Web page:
The Education Select Committee has warned against a rush towards separate exam systems in England, Wales and Northern Ireland and has recognised that exam reform has put relations between ministers ‘clearly under strain’.
In a new report the Commons Education Select Committee has called on the three nations to carry on running GCSEs and A-levels, and urged ministers to ‘do everything possible to bring this about’, Wales Online reports.
Last month Michael Gove wrote to his counterparts in Wales and Northern Ireland, stating that ‘the time is right for us to acknowledge’ that the three nations can no longer work together on qualifications and that his reforms are ‘leading to very different qualifications in Wales and Northern Ireland from those I believe are right for young people in England’. Currently GCSEs and A-levels are set to the same standards across all three countries.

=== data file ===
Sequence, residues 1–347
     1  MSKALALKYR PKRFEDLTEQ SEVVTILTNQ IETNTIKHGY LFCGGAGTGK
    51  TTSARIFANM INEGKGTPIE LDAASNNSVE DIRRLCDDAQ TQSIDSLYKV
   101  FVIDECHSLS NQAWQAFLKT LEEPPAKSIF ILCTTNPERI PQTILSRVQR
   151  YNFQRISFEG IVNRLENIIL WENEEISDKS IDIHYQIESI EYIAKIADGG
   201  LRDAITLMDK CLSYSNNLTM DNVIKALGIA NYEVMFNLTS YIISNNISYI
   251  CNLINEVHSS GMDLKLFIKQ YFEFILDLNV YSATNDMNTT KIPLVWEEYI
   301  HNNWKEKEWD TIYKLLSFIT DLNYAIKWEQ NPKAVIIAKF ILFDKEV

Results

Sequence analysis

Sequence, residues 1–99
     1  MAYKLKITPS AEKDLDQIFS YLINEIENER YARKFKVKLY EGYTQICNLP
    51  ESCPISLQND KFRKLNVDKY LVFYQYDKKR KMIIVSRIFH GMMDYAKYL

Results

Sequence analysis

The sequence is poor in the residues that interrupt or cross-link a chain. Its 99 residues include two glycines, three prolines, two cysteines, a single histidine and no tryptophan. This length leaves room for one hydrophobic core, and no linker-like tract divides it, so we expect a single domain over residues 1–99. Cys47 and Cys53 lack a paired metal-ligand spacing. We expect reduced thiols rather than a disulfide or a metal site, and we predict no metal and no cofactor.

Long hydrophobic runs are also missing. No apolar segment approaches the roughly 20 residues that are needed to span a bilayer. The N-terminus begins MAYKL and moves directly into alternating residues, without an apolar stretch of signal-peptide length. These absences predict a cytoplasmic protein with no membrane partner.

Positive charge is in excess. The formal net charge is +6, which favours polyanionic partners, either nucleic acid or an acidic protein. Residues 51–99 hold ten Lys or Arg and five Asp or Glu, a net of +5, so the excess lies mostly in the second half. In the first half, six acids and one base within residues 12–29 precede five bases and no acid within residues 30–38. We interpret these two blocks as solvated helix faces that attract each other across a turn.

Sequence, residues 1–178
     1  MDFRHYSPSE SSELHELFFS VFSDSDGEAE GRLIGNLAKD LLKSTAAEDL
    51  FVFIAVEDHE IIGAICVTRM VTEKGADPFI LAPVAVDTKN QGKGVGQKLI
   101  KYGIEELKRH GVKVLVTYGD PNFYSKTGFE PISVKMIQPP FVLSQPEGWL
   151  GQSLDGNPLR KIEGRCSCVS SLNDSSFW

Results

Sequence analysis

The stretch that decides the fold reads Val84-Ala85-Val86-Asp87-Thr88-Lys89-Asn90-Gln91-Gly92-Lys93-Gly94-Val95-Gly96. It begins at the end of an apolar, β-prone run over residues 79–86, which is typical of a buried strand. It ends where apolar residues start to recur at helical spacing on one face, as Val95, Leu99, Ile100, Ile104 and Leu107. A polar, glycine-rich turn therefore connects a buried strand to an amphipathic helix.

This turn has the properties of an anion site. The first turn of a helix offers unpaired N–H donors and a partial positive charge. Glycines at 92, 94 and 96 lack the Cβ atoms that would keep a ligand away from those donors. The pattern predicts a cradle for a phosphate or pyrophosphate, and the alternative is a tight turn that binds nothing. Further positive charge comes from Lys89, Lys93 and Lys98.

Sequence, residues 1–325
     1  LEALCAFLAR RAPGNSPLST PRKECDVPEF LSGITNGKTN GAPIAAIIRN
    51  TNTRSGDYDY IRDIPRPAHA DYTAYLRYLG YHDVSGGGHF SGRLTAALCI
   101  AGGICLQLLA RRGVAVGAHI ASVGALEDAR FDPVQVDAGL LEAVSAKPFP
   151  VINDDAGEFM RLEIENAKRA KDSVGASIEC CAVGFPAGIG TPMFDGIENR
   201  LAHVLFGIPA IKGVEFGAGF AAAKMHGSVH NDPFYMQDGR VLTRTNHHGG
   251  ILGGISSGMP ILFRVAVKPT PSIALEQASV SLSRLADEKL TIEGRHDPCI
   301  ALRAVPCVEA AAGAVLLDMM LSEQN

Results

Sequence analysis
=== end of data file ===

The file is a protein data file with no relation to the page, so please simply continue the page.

Welsh Education Minister Leighton Andrews responded: “Since Wales and Northern Ireland are keeping GCSEs, AS and A-levels, what is Michael Gove going to call his qualifications in England? One of the benefits of devolution is that it allows England to be a laboratory for experiments.”
In the report, which also examined the causes and impact of last year’s GCSE English debacle, the Select Committee recognised the divide: “Relations between ministers in England and Wales are clearly under strain, as the era of three-country qualifications and regulation appears to be coming to an end. We believe that such an outcome would be regrettable and hope that even at this stage the joint ownership of GCSEs and A-levels will continue.”
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